10 Inspiring Books To Read This Winter

Did you resolve to read more in 2016? While the weather is chilly and you’re cozy inside, now’s the time to get started on your reading list.

We’ve put together a list of ten inspiring books you should read this year.

Love Does,” by Bob Goff

A fun, unique and profound book of lessons drawn from the author’s life on how the right attitude can inspire you to discover a secretly incredible life in an ordinary world.

An Uncomplicated Life,” by Paul Daugherty

This sweet story is one father’s exhilarating and funny love letter to his daughter with Down syndrome. We could all learn a thing or two from her vibrant and infectious approach to life.

The 7 Most Powerful Prayers That Will Change Your Life Forever,” by Adam Houge

Discover a meaningful, life-changing and heartfelt relationship with God through the seven greatest prayers you can pray.

All the Bright Places,” by Jennifer Niven

A charming love story between the most unlikely and endearing pair of teenagers. Theodore Finch is fascinated by death and Violet Markey lives for the future. When the two come together, the make important discoveries about themselves and how to stop counting their days and start living them.

Unbroken,” by Laura Hillenbrand

A World War II story of survival, resilience and redemption. Whether or not you’ve seen the major motion picture, Unbroken is the must-read story of Louis Zamperini, an athlete turned airman. His story is a testament to the resilience of the human mind, body and spirit.

Spark Joy,” by Marie Kondo

From the author of “The Life-Changing Magic of Tidying Up” comes “Spark Joy,” an illustrated master class on the art of organizing and tidying up. Kondo’s mantra says that if a possession doesn’t bring you joy, let it go.

Girl at War,” Sara Novic

A powerful novel about a girl’s coming of age and how every aspect of her life is profoundly shaped by war. Moving back and forth through time, “Girl at War” is an honest novel that beautifully illustrates how history transforms an individual.

Our Souls at Night,” Kent Haruf

An “eloquent, bittersweet yet inspiring story” of an elderly man and a woman who come together in their loneliness to wrestle with the events of their lives and find hope for their imminent future.

Extraordinary Means,” Robyn Schneider

A darkly funny novel about Lane, who lived a fairly predictable life until he was diagnosed with tuberculosis. “Extraordinary Means”is a “heart-wrenching yet ultimately hopeful story about the miracles of first love and second chances.”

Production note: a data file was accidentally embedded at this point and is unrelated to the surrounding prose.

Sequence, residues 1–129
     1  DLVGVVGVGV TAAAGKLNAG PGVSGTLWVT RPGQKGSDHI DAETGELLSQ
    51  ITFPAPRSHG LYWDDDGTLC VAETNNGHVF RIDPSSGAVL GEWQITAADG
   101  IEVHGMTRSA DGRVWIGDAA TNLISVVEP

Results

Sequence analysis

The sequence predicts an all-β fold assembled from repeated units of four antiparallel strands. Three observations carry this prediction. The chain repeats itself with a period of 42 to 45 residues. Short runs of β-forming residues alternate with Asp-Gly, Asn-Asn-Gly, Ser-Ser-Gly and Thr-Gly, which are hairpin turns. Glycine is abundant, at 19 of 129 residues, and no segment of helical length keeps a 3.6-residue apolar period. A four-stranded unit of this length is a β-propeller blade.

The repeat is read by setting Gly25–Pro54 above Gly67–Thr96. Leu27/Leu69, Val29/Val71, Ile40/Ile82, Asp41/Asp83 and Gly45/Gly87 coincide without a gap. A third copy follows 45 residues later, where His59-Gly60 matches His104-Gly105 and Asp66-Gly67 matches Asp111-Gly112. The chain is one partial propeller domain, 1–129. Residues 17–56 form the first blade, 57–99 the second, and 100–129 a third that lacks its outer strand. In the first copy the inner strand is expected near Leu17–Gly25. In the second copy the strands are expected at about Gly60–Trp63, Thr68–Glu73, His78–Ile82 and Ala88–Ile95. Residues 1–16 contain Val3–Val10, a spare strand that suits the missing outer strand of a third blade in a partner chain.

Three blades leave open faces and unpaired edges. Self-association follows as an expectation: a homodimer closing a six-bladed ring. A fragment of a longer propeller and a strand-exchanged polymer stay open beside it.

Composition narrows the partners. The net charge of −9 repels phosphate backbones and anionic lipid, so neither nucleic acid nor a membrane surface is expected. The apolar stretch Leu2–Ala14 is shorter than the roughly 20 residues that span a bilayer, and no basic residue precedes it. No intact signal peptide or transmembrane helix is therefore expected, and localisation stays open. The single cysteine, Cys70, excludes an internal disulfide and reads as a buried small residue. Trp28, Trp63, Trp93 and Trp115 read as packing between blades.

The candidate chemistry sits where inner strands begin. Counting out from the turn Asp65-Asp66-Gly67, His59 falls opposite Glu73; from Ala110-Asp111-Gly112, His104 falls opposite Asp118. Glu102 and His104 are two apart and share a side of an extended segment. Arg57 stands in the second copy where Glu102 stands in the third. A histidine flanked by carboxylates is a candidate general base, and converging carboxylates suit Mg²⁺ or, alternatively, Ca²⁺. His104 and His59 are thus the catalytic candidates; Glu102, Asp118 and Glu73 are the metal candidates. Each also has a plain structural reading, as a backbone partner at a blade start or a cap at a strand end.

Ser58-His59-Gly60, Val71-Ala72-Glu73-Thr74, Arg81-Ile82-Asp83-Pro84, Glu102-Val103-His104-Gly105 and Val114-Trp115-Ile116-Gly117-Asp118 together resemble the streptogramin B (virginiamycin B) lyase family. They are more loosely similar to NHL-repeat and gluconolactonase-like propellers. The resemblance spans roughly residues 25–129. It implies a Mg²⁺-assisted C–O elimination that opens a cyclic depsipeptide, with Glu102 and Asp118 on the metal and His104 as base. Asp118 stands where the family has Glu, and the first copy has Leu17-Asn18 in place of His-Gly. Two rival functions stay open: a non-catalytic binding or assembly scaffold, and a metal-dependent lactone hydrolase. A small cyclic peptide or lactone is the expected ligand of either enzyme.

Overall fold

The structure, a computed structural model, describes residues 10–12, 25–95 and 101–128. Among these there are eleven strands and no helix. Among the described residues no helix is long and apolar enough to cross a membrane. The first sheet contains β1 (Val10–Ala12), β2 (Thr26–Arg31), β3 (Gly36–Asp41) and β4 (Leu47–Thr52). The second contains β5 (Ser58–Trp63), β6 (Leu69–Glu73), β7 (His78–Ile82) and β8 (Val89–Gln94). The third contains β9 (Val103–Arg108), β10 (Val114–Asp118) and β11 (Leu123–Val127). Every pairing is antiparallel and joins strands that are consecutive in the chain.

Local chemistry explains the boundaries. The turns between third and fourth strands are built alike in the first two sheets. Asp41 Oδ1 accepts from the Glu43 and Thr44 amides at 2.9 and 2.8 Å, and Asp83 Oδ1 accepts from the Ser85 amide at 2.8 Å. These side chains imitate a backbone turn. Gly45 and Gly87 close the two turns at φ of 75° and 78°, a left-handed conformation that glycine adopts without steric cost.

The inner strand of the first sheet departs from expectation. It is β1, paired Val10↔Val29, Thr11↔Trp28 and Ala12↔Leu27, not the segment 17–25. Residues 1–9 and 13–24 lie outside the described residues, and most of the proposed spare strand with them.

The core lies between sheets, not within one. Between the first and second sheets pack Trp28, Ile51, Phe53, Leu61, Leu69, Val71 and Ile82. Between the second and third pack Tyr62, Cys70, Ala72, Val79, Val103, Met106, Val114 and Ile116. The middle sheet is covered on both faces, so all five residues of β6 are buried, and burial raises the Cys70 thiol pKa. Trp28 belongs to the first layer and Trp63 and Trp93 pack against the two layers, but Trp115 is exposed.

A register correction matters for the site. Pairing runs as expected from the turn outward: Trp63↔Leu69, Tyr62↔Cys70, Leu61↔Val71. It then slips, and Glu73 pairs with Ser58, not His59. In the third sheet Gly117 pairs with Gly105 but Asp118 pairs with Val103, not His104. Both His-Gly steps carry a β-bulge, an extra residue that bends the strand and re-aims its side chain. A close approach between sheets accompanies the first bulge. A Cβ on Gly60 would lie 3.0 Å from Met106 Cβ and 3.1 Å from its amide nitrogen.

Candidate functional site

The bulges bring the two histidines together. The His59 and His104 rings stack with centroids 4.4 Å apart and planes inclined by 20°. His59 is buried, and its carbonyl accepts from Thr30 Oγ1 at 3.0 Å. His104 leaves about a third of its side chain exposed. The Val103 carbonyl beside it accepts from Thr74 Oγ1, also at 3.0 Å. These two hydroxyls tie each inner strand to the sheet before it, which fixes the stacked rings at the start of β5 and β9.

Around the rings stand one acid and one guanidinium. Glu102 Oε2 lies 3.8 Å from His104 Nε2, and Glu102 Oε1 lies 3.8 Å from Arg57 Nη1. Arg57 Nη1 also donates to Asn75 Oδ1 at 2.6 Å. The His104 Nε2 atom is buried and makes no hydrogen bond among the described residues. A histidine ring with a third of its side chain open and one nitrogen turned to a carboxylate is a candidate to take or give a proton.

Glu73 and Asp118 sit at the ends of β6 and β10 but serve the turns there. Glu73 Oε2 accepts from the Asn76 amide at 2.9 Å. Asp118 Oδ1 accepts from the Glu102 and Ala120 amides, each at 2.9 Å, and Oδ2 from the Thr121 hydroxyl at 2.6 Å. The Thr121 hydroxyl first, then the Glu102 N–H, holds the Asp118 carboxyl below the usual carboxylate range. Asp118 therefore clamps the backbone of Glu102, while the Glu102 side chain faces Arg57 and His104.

Brave Enough,” by Cheryl Strayed

A collection of inspiring quotes drawn from the wide range of Strayed’s writings that capture her wisdom, courage and humor. “Brave Enough” is an irresistible read for the individual looking to be a little bit braver.

7 Healthy Recipes for Your Favorite Winter Comfort Foods

Cold weather draws us toward comfort foods like stews, casseroles and other hot dishes. But let’s face it—while “comfort” foods can be good for the soul, they aren’t necessarily good for your body.

Here are seven healthy and delicious alternatives to your favorite winter foods.

Chicken and Rice Casserole
337 calories per serving

Cooking spray
1 cup chopped onion
1 (8-oz) bone-in chicken breast half, skinned
1/2 teaspoon black pepper, divided
1 (14-oz) can fat-free, less-sodium chicken broth
1 tablespoon butter
1 (8-oz) zucchini, halved lengthwise and thinly sliced
1 (8-oz) yellow squash, halved lengthwise and thinly sliced
2 cups cooked long-grain white rice
1 teaspoon minced fresh rosemary
1 1/2 tablespoons all-purpose flour
1 1/2 cups 2% reduced-fat milk
1/2 cup (2 oz) grated fresh pecorino Romano cheese, divided
1/4 teaspoon salt

Get the recipe here.

Shrimp and Grits
266 calories per serving

1 medium onion, finely chopped
1 medium green bell pepper, finely chopped
1 clove garlic, finely chopped
1/4 cup dry white wine
1 teaspoon cornstarch
1/2 cup low-sodium chicken broth
1/2 cup fat-free half-and-half (or use low-fat)
3/4 pound large shrimp, peeled and deveined
3/4 cup quick-cooking grits
Chopped scallions (dark green tops only), for serving

Get the recipe here.

Turkey Meatloaf
207 calories per serving

3/4 cup quick-cooking oats
1/2 cup skim milk
1 medium onion, peeled
2 pounds ground turkey breast
1/2 cup chopped red bell pepper